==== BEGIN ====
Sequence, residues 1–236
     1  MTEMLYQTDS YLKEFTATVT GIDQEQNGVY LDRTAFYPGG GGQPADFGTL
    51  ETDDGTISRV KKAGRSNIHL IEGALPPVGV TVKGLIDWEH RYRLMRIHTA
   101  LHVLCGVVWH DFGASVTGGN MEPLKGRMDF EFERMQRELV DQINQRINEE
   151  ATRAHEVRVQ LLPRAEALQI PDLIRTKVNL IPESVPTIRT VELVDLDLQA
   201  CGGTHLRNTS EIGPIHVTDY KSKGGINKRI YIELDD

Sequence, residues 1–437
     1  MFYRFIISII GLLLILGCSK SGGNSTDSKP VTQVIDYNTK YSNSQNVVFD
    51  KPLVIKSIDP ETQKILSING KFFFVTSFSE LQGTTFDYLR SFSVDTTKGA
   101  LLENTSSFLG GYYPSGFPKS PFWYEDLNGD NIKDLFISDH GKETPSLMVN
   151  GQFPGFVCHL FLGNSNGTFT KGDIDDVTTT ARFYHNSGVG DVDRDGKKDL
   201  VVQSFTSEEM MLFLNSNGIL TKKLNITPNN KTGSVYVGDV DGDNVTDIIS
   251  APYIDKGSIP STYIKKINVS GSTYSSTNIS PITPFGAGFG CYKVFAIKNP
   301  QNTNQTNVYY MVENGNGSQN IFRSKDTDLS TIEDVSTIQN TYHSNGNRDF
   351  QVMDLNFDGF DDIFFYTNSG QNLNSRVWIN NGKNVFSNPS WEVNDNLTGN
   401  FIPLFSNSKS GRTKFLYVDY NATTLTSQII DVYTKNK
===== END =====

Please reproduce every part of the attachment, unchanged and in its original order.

Sequence, residues 1–236
     1  MTEMLYQTDS YLKEFTATVT GIDQEQNGVY LDRTAFYPGG GGQPADFGTL
    51  ETDDGTISRV KKAGRSNIHL IEGALPPVGV TVKGLIDWEH RYRLMRIHTA
   101  LHVLCGVVWH DFGASVTGGN MEPLKGRMDF EFERMQRELV DQINQRINEE
   151  ATRAHEVRVQ LLPRAEALQI PDLIRTKVNL IPESVPTIRT VELVDLDLQA
   201  CGGTHLRNTS EIGPIHVTDY KSKGGINKRI YIELDD

Sequence, residues 1–437
     1  MFYRFIISII GLLLILGCSK SGGNSTDSKP VTQVIDYNTK YSNSQNVVFD
    51  KPLVIKSIDP ETQKILSING KFFFVTSFSE LQGTTFDYLR SFSVDTTKGA
   101  LLENTSSFLG GYYPSGFPKS PFWYEDLNGD NIKDLFISDH GKETPSLMVN
   151  GQFPGFVCHL FLGNSNGTFT KGDIDDVTTT ARFYHNSGVG DVDRDGKKDL
   201  VVQSFTSEEM MLFLNSNGIL TKKLNITPNN KTGSVYVGDV DGDNVTDIIS
   251  APYIDKGSIP STYIKKINVS GSTYSSTNIS PITPFGAGFG CYKVFAIKNP
   301  QNTNQTNVYY MVENGNGSQN IFRSKDTDLS TIEDVSTIQN TYHSNGNRDF
   351  QVMDLNFDGF DDIFFYTNSG QNLNSRVWIN NGKNVFSNPS WEVNDNLTGN
   401  FIPLFSNSKS GRTKFLYVDY NATTLTSQII DVYTKNK